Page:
The main benefits of test automation are to eliminate repetitive testing and reduce human errors. Automating your testing also saves you time and effort which you can dedicate to uncovering product risks with other approaches. Switching to an automation-first approach requires multiple shifts in mindset, skill sets, and the tools and processes needed to be successful. When it comes to automation, there are many different approaches you can take, and generally, there are 6 common test automation frameworks

Finally, let’s see how you can use exploratory testing to complete your testing strategy and meet even your most critical software testing goals

*Based on a recent survey

Step 5: Add Exploratory Testing to complete your strategy


Designing a robust testing strategy combines several testing approaches to ensure software meets the highest quality. In order to diversify your testing strategy, you can include methods like Exploratory Testing, which tests software from the user’s perspective as well as helps discovered unexpected risks that often go undetected with manual or automated testing. 

Exploratory Testing doesn’t follow a set of steps with predefined results as automation does. Instead, ET explores a part of the system using the skills and expertise of testers in order to find defects and provide feedback.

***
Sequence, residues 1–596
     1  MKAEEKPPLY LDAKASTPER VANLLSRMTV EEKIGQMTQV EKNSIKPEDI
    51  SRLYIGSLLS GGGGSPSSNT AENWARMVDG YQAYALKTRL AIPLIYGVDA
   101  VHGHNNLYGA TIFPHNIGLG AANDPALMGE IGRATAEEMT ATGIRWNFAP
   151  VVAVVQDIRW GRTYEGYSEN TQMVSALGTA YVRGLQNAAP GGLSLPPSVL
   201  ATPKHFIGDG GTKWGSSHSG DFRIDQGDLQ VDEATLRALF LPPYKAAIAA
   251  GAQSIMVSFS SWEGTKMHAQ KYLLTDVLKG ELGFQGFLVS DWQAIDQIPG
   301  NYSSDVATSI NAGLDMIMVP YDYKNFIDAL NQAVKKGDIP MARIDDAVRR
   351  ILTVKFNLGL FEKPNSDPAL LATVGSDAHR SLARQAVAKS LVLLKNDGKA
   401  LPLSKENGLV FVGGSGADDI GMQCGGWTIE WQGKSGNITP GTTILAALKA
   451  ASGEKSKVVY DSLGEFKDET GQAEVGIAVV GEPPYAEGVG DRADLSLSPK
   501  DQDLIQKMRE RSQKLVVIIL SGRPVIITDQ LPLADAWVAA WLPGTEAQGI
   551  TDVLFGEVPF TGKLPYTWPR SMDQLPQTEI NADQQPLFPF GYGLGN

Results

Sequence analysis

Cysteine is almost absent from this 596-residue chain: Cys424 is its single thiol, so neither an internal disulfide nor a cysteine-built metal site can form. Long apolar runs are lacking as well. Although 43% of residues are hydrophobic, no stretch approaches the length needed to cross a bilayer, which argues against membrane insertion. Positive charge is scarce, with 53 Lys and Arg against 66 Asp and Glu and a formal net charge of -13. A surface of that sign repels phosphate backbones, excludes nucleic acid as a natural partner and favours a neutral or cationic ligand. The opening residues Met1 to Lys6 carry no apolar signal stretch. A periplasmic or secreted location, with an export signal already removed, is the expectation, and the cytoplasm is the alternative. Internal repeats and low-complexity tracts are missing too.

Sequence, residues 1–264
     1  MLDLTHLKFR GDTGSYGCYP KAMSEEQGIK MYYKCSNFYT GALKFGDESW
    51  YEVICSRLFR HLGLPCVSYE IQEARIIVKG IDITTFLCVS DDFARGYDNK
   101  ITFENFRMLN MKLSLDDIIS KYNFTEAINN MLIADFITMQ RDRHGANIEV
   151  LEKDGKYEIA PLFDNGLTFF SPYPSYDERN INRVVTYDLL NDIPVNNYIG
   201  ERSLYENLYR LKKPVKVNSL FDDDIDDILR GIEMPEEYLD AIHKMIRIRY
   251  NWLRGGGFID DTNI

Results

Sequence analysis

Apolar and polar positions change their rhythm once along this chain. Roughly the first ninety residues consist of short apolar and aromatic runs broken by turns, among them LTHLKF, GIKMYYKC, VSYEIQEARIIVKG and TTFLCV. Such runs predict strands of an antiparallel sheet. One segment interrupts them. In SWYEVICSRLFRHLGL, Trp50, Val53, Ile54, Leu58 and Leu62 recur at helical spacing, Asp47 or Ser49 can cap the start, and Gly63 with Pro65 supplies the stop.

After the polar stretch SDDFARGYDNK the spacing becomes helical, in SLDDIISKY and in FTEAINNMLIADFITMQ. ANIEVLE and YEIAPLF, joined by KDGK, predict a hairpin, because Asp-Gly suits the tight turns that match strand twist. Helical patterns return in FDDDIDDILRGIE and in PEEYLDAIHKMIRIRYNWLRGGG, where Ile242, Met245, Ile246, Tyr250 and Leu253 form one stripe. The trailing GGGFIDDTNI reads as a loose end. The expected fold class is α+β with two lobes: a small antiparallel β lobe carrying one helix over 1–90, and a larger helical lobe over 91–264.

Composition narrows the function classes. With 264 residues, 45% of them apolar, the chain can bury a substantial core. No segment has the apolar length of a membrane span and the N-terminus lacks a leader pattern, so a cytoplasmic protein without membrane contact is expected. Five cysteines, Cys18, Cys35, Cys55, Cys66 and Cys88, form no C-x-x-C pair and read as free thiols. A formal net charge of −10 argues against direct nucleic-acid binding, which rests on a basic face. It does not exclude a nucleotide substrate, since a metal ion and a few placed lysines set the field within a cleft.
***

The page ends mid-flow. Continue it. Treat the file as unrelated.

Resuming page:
Exploratory Testing always has an objective and is timed. To be successful in this method, you should take notes and track the evidence of your findings. Of course, you’ll find that it’s useful to have a tool that tracks and collects your evidence. You can use tools like the Xray Exploratory App to aid your testing sessions by easing the task of documentation while testing. 

Check out the eBook, Exploratory Testing by Maaret Pyhäjärvi, which is about exploratory testing as an approach to thinking and learning while testing


You’re ready to meet your software testing goals

Have you made it this far? Great! You’re on your way to meeting your software testing goals. We’ve shared a lot of information about how to define your objectives, how to choose the right methodologies that will help you work faster and more efficiently, and finally the tools to support your team. 

Now it’s up to you to work with your team and customize these approaches. Keep in mind that every team is different and through trial and error, you will find what works best. 

Explore more resources about the key topics that we covered today.